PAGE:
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05 May 2010 @ 01:55 am
Interview with Jeri Smith-Ready, author of SHADE  

Today I’m thrilled to interview Jeri Smith-Ready, whose debut YA, SHADE, was released yesterday.  SHADE features a girl with a dead boyfriend in a world in which teenagers can see ghosts.  Jeri already has many fans from her previous adult novels, including the urban fantasy Wicked Game series, but I predict that SHADE will win her a huge following among YA fantasy fans as well.



SHADE is about a world exactly like ours, except that everyone 16 and under can see ghosts.  Do you think of the book as happening in the near-future?  Or do you think of the setting as being NOW, except with this one change?

It's definitely now, or now-ish.  I mention contemporary bands, and other than the ghost-related technology like the BlackBox, technology is pretty much the same (phones, video games, etc.).

I loved the little world-building details in your book – like the fact that ghosts don’t like red, but because of that teenagers know that wearing red marks them as under 16, so they have to choose between getting into clubs and avoiding attacks by ghosts.  And in the meantime, red has become the most popular clothing color marketed to teens, and the main character sees it as a boring color.  Did you plan these details all out in advance?  Or did they just come to you as you wrote?  (And as a side question: Why RED?)


The color concept is based on the visible light spectrum, though I don't specifically mention it in the book.  The ghosts are violet, which is the highest-energy light, while the shades are probably in the ultraviolet range and therefore appear black or invisible to human eyes.  Red is at the other end of the visible light spectrum, so there's a (super)natural repellant effect to the ghosts.

Not coincidentally, red corresponds to the first chakra in traditional Indian medicine.  The first chakra is supposed to be located at the base of the spine and represents life and the physical world (and sex).  Violet corresponds to the seventh chakra, which is the top of the head and represents pure thought.  So they are naturally opposed.

I had this figured out, and had already chosen obsidian as the anti-ghost material because I read that ghost-hunters wear it to ward off evil spirits.  Then I found out that obsidian corresponds to the color red AND the first chakra.  Cool, huh?  I love happy world-building accidents.

Music and the music business play a role in SHADE, as well as in some of your other books.  Were you secretly a rock star before you became an author?  Are you STILL a rock star by night?


I wish!  When I was a kid, I used to stand in front of my sofa (the audience) and sing into a hairbrush along with Pat Benatar and the Go-Go's (not at the same time--heh, can you imagine?).  Sadly (or maybe fortunately) my only connection to music is as a fan.  However, I once played a rock star onstage in college, as Crow in Sam Shepard's TOOTH OF CRIME.  Still one of the highlights of my life.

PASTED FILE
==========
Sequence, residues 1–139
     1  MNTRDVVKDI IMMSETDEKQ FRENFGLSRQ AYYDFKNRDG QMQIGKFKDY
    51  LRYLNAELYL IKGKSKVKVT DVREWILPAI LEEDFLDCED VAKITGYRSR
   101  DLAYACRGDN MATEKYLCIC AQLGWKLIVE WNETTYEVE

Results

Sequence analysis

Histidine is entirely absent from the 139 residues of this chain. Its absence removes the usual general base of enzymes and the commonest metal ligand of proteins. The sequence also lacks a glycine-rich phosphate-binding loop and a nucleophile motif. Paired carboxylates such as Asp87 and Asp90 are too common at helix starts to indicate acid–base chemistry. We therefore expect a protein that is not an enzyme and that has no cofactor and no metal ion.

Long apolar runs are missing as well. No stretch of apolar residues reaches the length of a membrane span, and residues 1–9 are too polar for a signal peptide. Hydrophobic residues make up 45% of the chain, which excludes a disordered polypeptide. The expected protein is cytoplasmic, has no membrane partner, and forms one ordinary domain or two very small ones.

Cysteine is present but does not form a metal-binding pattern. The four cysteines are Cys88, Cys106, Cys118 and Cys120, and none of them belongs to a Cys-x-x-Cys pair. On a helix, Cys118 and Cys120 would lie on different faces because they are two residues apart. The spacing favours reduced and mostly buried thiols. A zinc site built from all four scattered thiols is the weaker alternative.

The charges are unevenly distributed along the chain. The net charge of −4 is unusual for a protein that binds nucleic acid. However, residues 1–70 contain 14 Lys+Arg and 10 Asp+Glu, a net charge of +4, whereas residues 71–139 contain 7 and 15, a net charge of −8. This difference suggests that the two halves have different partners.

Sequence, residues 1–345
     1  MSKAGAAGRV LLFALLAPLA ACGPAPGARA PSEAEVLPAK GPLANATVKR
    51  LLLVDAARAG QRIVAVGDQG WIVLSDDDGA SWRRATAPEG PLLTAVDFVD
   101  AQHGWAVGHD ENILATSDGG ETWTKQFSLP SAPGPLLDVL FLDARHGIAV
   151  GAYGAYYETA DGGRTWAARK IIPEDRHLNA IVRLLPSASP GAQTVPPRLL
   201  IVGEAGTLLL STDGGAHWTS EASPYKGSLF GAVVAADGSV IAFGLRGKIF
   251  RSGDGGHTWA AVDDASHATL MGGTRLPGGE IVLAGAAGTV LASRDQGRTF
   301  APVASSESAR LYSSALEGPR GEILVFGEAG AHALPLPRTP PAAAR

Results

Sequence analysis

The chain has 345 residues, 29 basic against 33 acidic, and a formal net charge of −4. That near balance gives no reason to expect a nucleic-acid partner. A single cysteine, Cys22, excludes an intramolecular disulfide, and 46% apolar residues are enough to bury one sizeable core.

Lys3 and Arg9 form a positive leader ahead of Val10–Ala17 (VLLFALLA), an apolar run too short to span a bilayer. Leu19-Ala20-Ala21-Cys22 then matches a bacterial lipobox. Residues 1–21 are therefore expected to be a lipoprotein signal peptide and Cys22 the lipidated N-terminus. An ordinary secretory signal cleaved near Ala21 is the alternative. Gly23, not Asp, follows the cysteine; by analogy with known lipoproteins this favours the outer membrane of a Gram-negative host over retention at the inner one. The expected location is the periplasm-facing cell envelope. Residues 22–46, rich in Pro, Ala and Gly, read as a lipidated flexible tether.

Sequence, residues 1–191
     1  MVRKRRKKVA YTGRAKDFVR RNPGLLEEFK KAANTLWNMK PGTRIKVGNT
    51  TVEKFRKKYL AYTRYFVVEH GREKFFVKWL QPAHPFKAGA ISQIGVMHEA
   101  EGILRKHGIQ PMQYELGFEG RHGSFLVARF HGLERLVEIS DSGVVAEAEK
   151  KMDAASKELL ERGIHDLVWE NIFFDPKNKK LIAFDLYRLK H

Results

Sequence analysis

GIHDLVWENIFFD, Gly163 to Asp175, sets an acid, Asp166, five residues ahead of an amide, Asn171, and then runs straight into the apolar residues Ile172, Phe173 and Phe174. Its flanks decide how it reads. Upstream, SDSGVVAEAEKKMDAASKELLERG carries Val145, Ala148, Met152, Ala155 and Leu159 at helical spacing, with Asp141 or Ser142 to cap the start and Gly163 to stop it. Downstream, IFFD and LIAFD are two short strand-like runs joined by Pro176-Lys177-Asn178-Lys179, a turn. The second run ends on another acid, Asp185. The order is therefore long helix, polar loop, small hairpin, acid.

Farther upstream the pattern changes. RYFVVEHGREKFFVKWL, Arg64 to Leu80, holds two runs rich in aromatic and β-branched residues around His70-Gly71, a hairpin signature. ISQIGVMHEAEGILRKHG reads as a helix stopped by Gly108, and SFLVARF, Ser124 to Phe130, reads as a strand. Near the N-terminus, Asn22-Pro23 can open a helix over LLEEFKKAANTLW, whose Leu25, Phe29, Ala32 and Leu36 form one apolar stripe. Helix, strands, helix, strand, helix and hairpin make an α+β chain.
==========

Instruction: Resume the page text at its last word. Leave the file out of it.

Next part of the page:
You published several adult novels before SHADE, both urban fantasy and high fantasy.  What made you decide to write a YA novel this time around?


I started my first YA in 2003 before I sold my high fantasy trilogy (ASPECT OF CROW).  I kept working on the YA over the next few years and finally finished it in 2006.  A sequel to my 2001 urban fantasy REQUIEM FOR THE DEVIL, it featured the daughters of fallen angels Lucifer and Beelzebub as high school seniors.  When I finally had time in 2008 to revise it for submission, I found that the second half was awesome, but the first half was terrible.  The main characters were totally unsympathetic, even for half-demons.  

Meanwhile, the idea for the ghost world had been percolating in my head for about two years, but with no main character in mind (and besides, I know zilch about the law, so that was a dead end, no pun intended).  When I decided to make the main character a teenager who worked at the law firm after school, everything suddenly clicked.  I was much more excited about this idea than the demon one, so during the summer between drafts of my second vampire novel, BAD TO THE BONE, I put together the proposal for what became SHADE.

Sorry, that was a really long answer!  Maybe I should just say, "I dunno, I thought it would be fun." ;-)

Some ideas just work better for me with teen characters and others with adults.  Right now, I have the beginnings of a new idea that hasn't decided which it wants to be.  

Were there any notable differences between the process of writing, editing, and selling adult books, vs. doing the same for a YA book?


The writing process was the same as it is for my adult books:

1. Set unrealistically high word count goals.
2. Meet those goals for roughly two weeks.
3. Burn out.  Panic.  Despair.
4. Reexamine plot, make changes to the outline, and move on with a more realistic deadline.
5. Finish filthy first draft and send to critique partners, praying they don't wonder which hole my talent crawled into to die.
6. Do massive overhaul second draft.  This is where the real writing happens for me, where I discover the true story.
7. Submit to editor.